Nectar in a Sieve | Study Guide

Kamala Markandaya

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Nectar in a Sieve | Part 1, Chapter 6 | Summary



When Irawaddy is just past 14 years old, Rukmani realizes she cannot wait any longer to marry off her daughter. She enlists Old Granny to help with the matchmaking. Rukmani has saved a dowry of 100 rupees, which is a small dowry, but Old Granny reassures Rukmani that Irawaddy's beauty will make up for it. It takes only a month to select a suitable match. Irawaddy accepts the choice gracefully, only worried how often she will see her mother since her new husband lives many miles away. The wedding day arrives, and Rukmani walks her daughter through the preparations and traditions. They cannot afford to throw the lavish ceremony they hoped for, but the day passes pleasantly. Rukmani uses most of her food storage to feed guests, and she gives away all the special items she had stashed away for just this occasion.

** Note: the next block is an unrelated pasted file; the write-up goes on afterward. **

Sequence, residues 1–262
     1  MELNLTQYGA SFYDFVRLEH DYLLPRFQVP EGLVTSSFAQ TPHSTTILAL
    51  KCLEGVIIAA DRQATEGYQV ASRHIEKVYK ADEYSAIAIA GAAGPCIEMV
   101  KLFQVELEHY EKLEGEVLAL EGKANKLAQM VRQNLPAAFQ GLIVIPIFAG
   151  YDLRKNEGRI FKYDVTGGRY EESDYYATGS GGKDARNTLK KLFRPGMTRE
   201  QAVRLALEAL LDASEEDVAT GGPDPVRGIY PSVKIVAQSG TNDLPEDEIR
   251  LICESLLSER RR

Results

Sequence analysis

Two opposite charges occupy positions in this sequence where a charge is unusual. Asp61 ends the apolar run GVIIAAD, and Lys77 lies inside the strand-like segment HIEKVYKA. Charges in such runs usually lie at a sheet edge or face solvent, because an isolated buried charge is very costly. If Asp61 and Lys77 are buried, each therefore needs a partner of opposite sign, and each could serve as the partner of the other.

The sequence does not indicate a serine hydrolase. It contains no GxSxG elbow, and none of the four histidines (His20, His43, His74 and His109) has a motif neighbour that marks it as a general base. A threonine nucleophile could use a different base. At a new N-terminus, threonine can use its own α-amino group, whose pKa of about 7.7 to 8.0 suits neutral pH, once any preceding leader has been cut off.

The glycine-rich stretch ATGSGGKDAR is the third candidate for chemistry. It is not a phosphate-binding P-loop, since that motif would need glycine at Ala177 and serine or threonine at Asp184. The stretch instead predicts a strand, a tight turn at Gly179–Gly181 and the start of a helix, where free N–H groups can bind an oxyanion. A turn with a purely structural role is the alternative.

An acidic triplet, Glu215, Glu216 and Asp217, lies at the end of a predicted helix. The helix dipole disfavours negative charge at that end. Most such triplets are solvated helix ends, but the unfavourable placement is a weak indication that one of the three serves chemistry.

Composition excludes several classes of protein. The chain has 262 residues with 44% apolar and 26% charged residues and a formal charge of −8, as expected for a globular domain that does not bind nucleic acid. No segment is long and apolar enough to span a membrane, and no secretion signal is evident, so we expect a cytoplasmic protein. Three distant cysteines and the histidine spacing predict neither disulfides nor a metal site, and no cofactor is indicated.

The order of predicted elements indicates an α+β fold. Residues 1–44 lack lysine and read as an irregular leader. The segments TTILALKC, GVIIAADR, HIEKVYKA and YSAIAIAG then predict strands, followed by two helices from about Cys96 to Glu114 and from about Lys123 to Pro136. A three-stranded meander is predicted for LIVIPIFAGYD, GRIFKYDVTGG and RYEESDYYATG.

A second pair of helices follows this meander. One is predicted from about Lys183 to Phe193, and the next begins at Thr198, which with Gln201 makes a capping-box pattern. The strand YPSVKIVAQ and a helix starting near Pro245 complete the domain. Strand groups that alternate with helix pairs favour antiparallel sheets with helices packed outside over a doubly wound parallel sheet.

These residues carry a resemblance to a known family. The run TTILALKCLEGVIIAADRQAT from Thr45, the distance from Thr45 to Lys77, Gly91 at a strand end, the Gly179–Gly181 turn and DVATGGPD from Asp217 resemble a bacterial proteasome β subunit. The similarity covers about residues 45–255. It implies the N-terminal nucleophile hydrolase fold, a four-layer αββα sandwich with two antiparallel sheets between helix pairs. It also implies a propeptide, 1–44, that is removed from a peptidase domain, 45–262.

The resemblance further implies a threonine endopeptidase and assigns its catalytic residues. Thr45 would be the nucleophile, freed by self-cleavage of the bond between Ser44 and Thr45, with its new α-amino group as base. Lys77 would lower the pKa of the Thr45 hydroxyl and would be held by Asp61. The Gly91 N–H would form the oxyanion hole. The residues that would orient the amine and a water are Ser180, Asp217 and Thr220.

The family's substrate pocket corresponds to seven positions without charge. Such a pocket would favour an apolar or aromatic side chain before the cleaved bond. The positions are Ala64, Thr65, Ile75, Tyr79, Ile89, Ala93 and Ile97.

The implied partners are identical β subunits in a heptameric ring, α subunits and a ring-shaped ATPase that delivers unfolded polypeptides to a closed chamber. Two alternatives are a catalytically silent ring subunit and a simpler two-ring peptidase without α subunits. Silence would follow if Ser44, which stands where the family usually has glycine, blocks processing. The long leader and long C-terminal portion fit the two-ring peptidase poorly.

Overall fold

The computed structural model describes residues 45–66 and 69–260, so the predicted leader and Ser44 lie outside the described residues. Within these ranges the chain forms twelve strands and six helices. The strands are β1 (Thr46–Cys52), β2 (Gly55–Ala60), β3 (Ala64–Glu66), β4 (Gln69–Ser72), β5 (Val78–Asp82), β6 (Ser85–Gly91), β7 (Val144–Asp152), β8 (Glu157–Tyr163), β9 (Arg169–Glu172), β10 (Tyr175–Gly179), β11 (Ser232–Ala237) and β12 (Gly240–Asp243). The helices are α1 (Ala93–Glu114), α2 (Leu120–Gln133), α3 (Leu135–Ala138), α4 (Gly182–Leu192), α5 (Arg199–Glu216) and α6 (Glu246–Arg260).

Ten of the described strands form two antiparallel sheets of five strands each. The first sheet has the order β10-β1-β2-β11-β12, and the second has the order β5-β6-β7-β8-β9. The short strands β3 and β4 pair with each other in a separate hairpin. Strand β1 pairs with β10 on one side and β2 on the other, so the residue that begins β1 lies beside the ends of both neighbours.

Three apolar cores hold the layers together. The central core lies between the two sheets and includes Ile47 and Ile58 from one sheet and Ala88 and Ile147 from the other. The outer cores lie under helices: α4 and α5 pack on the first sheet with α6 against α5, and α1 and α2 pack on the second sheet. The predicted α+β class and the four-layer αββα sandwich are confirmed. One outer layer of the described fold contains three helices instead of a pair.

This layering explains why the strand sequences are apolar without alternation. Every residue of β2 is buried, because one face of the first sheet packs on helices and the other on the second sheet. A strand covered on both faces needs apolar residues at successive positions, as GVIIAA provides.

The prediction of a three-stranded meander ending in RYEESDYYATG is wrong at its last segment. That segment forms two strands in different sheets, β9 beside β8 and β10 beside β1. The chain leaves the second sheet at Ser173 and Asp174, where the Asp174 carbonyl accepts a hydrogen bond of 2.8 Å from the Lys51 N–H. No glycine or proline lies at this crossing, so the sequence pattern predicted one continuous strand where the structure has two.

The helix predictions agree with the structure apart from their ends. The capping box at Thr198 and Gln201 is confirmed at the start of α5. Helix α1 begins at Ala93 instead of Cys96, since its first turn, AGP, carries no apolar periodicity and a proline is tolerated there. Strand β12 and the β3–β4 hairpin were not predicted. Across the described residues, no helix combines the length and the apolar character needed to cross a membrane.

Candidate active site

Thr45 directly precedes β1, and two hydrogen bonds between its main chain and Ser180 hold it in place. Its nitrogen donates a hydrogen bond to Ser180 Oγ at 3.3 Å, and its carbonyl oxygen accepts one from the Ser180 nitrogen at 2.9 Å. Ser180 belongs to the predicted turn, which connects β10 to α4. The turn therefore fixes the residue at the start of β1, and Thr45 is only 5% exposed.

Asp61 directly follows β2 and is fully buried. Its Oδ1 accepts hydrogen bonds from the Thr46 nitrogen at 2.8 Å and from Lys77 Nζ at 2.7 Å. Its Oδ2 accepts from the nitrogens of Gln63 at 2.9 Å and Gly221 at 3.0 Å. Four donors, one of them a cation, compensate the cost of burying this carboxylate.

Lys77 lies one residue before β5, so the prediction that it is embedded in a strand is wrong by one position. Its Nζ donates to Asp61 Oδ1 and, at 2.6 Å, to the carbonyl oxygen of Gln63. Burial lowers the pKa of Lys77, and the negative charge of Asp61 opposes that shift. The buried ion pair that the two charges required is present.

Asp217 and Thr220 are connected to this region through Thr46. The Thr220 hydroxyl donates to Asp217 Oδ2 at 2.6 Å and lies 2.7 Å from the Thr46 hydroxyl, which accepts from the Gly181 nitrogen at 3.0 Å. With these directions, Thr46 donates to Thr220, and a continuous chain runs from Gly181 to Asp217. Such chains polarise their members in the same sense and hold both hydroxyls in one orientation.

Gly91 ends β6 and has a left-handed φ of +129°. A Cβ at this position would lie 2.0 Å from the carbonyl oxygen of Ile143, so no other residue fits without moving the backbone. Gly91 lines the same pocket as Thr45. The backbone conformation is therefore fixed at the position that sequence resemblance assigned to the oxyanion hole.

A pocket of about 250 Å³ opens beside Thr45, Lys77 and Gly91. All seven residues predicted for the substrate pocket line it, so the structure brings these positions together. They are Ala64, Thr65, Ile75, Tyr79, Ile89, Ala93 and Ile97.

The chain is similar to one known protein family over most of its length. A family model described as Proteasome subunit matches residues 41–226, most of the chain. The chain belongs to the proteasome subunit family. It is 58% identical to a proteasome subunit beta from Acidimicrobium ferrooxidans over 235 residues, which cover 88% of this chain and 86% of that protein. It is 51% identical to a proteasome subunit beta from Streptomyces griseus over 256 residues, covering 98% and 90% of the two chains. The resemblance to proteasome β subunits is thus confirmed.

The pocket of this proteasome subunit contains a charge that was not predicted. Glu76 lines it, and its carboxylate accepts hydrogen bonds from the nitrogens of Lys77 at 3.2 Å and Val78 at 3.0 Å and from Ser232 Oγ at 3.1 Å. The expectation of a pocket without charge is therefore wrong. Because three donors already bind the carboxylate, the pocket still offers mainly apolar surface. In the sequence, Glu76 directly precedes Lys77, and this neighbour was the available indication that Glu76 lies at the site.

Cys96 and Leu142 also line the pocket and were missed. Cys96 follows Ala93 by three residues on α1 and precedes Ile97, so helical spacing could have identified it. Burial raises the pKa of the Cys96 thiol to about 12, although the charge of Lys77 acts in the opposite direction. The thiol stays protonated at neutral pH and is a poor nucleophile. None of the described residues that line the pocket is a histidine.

Rukmani's wedding provides a moment of "nectar" for Rukmani and her family to enjoy, however fleeting their happiness may be. Rukmani has saved and planned for this moment. Despite the fact that the family has been struggling to make ends meet and has only a small dowry—because of Rukmani's scrimping and saving—they manage to secure a "good match." Rukmani uses the resources of her land to ensure guests have a delicious meal, even if they cannot afford every extravagance. Rukmani mourns the passing time—her "pitifully young" daughter has matured enough to be married—yet she enjoys the happy moment of the wedding knowing it will be fleeting. Rukmani, now accustomed to a hand-to-mouth existence, recognizes the rarity of indulgences like wedding feasts, so she ensures her entire family enjoys the moment before it disappears. The wedding scene ends with the happy image of the children, engorged from the feast, sleeping peacefully with candy pieces still sticky in their hands. This moment of blissful excess contrasts with famine in their near future.

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